Report: Will Long-Term Co-op Contracts Give Way to Affordable Clean Energy?

Date: 30 Oct 2023 | posted in: Energy, Energy Self Reliant States | 0 Facebooktwitterredditmail

ILSR’s new report, The Rural Electric Rift: Cooperatives Split Over Clean Energy and Local Control, examines the struggle of electric distribution cooperatives and their members to restore local control over electricity purchasing and harness the benefits of affordable clean energy.

Serving rural communities presents distinct challenges. Rural electric cooperatives, spurred by the federal Rural Electrification Act of 1936, could not afford to each build their own power plants. Instead, distribution cooperatives banded together to create generation and transmission (G&T) cooperatives.

G&Ts, serving multiple distribution cooperatives, build or acquire power plants and transmission infrastructure on behalf of their member cooperatives. The distribution co-ops sign power purchase agreements with these wholesalers.

Generation and transmission suppliers, however, invested billions in coal plants and other large-scale power plants — so when rural customers ask for lower bills and cleaner power, two of the benefits of renewable electricity, their local cooperative may not be able to deliver.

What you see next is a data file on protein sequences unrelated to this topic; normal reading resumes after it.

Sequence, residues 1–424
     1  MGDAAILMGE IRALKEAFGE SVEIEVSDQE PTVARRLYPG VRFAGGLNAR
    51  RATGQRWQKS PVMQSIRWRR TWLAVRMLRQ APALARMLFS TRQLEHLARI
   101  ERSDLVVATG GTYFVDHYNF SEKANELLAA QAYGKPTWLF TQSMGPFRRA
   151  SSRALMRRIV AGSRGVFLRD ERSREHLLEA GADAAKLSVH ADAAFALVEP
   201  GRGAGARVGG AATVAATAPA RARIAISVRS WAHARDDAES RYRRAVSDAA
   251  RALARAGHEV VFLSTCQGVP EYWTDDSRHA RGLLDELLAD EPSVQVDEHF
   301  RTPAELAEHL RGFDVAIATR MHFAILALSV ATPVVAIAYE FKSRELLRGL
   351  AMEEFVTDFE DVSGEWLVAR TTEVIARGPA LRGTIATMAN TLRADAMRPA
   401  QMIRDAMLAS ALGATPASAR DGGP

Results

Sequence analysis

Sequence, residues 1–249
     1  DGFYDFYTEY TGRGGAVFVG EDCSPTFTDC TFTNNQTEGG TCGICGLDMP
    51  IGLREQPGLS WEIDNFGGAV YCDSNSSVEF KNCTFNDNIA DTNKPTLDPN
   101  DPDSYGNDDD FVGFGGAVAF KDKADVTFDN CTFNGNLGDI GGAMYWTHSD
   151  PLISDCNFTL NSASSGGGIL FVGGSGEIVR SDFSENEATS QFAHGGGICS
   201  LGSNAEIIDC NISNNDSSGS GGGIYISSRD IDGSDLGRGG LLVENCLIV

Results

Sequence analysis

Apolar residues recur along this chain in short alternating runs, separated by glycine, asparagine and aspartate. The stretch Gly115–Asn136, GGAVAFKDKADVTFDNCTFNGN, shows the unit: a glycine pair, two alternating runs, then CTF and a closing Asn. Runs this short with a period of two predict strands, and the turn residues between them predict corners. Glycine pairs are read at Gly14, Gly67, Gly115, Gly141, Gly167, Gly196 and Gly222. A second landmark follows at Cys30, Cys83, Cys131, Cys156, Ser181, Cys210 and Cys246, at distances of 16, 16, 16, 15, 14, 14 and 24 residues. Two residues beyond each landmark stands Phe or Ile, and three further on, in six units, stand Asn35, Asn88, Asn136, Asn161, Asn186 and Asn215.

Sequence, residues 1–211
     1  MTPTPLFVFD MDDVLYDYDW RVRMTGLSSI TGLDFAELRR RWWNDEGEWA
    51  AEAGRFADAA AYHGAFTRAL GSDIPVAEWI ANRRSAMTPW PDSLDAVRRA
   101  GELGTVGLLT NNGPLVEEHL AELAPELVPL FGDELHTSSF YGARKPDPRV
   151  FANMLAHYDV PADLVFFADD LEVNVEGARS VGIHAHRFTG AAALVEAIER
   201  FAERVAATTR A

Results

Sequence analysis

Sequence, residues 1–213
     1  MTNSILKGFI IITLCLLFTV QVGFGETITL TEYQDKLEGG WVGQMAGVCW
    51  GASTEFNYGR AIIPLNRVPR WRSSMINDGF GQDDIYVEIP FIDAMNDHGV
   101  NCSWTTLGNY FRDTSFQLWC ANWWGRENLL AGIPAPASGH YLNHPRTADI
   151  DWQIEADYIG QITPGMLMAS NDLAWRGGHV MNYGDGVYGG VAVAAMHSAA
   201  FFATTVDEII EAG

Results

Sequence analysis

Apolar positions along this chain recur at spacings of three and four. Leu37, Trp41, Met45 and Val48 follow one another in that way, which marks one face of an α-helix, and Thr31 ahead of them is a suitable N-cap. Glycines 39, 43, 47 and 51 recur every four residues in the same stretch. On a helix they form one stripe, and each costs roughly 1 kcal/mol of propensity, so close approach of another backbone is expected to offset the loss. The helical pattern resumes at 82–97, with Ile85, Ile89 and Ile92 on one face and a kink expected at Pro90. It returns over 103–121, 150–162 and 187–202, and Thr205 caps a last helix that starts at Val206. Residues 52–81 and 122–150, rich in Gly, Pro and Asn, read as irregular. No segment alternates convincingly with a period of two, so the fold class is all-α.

This report covers the misalignment, contract breaks, and contract re-negotiations between distribution cooperatives and the generation and transmission cooperatives that serve them.

A Rural Electric Cooperative Status Update

In ILSR’s 2016 report on electric cooperatives, we found that cooperatives have low member-owner engagement, are stuck in long-term coal contracts, and may be restricted in their capacity to generate local, renewable electricity.

On the bright side, some things have changed since 2016:

  • Coal is 32 percent of the electric cooperative fuel mix (compared to 41 percent in 2016), while renewables are 22 percent (compared to 17 percent in 2016).
  • Local cooperatives are pursuing self-reliance. Kit Carson and Delta Montrose have broken their contracts with Tri-State Generation and Transmission, while other distribution cooperatives are negotiating partial contracts with their generation and transmission cooperative (G&T) suppliers.
  • Given the freedom of local control, several rural electric cooperatives are leading all utilities in solar deployment.
  • More distribution co-ops are offering services beyond electricity to their member-owners, including broadband Internet access, electric vehicle charging programs, and transactive energy rates.

Meanwhile, billions of dollars in federal funding are now available to rural electric cooperatives. Proactive cooperatives can take advantage of federal funding to build clean energy projects, support beneficial electrification, and retire coal plants.

For more details on cooperative power supply contracts, how former Tri-State distribution members have created a blueprint for exiting a bad contract, and the options other distribution cooperatives have explored, download the full report.

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Maria McCoy is a Researcher with the Energy Democracy Initiative. In this role, she contributes to blog posts, podcasts, video content, and interactive features.